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Friday, July 30, 2010

French Poet Arthur Rimbaud (1854-1891)

Today I received a copy of Arthur Rimbaud Complete Works, translated by Paul Schmidt, I had ordered from ebay. Very exciting, his prose poetry is among the best ever written, and his is the classic, tragic story of the decadent, explosive poet. Strangely enough, most of his literary output was created before the tender age of 18, and he abandoned creative writing altogether before he was 21.

I have read some of his work before, and I particularly enjoyed 'A Season In Hell', arguably his best collection of prose poetics, and widely believed to be his creative swan song, his final writings. A brief excerpt from 'A Season In Hell', from the piece entitled 'Second Delirium: The Alchemy Of The Word':

"I became a fabulous opera. I saw that everyone in the world was doomed to happiness. Action isn't life; it's merely a way of ruining a kind of strength, a means of destroying nerves. Morality is water on the brain.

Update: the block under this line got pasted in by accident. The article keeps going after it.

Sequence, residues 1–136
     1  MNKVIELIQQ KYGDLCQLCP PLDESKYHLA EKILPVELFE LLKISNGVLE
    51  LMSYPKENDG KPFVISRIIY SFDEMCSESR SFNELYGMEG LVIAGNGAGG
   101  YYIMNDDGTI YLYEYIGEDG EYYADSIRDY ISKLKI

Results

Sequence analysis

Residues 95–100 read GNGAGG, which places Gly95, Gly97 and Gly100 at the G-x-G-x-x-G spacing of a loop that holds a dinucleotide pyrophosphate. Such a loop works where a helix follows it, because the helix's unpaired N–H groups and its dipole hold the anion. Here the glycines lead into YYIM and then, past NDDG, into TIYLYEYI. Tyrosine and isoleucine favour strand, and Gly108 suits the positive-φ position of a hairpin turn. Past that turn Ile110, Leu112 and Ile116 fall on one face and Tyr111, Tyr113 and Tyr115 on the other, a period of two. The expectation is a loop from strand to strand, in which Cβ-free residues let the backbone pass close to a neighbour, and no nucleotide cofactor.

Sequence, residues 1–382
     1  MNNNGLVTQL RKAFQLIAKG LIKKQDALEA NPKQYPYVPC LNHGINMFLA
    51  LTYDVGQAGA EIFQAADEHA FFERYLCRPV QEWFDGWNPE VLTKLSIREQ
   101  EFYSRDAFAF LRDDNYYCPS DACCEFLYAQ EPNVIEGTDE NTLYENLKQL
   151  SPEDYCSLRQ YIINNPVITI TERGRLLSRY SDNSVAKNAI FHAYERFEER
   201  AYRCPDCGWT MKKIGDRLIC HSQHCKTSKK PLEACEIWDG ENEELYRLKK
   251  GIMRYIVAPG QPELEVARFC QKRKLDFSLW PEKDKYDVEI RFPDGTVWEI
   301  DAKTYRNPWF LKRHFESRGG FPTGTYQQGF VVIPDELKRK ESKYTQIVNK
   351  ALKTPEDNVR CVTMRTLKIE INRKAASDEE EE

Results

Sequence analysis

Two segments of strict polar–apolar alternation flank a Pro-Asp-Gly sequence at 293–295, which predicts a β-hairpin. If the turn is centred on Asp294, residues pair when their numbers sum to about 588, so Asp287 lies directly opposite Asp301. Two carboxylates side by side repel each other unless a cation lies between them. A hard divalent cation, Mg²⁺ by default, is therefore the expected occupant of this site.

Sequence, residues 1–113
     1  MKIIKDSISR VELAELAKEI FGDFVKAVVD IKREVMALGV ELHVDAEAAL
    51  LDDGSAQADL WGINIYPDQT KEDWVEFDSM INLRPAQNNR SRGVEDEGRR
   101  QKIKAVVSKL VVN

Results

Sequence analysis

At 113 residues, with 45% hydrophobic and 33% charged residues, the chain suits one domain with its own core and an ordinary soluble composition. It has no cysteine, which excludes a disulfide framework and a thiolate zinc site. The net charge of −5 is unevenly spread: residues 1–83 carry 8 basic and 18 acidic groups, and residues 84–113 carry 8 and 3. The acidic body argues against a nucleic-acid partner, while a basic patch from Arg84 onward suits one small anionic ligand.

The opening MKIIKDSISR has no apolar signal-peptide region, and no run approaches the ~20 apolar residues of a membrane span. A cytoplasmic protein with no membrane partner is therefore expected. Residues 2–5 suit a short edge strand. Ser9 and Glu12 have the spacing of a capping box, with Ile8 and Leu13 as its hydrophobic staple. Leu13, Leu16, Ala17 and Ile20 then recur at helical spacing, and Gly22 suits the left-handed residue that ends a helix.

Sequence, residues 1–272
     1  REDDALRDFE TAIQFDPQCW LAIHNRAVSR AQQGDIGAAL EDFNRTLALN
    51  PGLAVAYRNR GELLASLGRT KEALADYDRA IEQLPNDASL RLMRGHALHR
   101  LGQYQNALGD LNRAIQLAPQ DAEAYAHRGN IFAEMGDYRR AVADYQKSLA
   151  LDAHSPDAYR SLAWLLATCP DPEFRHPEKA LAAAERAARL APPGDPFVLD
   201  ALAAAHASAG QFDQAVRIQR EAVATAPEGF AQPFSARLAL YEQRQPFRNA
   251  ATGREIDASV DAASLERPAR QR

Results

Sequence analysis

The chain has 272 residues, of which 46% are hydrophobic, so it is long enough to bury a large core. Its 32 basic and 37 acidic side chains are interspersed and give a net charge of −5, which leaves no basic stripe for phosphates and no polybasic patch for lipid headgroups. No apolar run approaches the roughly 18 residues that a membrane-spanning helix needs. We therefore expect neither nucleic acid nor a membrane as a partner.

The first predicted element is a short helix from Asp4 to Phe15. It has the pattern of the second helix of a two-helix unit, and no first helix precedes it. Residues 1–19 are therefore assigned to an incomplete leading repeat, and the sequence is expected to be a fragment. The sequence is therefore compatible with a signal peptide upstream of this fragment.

It seemed to me that everyone should have had several other lives as well. This gentleman doesn't know what he's doing; he's an angel. That family is a litter of puppy dogs. With some men, I often talked out loud with a moment from one of their other lives - that's how I happened to love a pig.

Not a single one of the brlliant arguments of madness - the madness that gets locked up - did I forget; I could go through them all again, I've got the system down by heart.

It affected my health. Terror loomed ahead. I would fall again and again into a heavy sleep, which lasted several days at a time, and when I woke up, my sorrowful dreams continued. I was ripe for fatal harvest, and my weakness led me down dangerous roads to the edge of the world, to the Cimmerian shore, the haven of whirlwinds and darkness."

Anticipating the arrival of the book, I had Netflix deliver a copy of 'Total Eclipse', starring Leonardo DiCaprio as Arthur Rimbaud. The movie (which I haven't seen yet) apparently details Rimbaud's relationship with poet Paul Verlaine. I am looking forward to watching the movie and then diving into the book, hopefully enhancing the experience of each.

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